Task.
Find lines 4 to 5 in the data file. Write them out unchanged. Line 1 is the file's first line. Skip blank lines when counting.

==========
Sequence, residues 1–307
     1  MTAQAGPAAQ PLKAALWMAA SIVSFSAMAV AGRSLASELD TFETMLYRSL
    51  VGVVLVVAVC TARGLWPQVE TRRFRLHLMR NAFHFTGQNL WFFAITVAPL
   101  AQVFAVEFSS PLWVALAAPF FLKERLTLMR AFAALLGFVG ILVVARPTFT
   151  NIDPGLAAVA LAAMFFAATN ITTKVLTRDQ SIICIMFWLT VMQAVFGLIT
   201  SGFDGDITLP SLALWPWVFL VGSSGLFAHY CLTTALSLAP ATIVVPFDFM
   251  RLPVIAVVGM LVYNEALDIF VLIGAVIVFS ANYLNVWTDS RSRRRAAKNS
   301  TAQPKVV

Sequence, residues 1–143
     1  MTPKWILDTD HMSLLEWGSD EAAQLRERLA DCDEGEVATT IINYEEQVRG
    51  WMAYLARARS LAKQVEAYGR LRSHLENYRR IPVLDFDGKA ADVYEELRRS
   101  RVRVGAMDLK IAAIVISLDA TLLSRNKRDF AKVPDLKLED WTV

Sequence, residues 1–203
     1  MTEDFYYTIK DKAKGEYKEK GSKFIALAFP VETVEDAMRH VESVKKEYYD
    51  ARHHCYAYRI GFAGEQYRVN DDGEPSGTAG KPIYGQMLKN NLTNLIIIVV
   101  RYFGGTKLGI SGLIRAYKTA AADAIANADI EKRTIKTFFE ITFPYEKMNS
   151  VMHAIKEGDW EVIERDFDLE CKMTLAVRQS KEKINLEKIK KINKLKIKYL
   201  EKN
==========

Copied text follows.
   101  AQVFAVEFSS PLWVALAAPF FLKERLTLMR AFAALLGFVG ILVVARPTFT
   151  NIDPGLAAVA LAAMFFAATN ITTKVLTRDQ SIICIMFWLT VMQAVFGLIT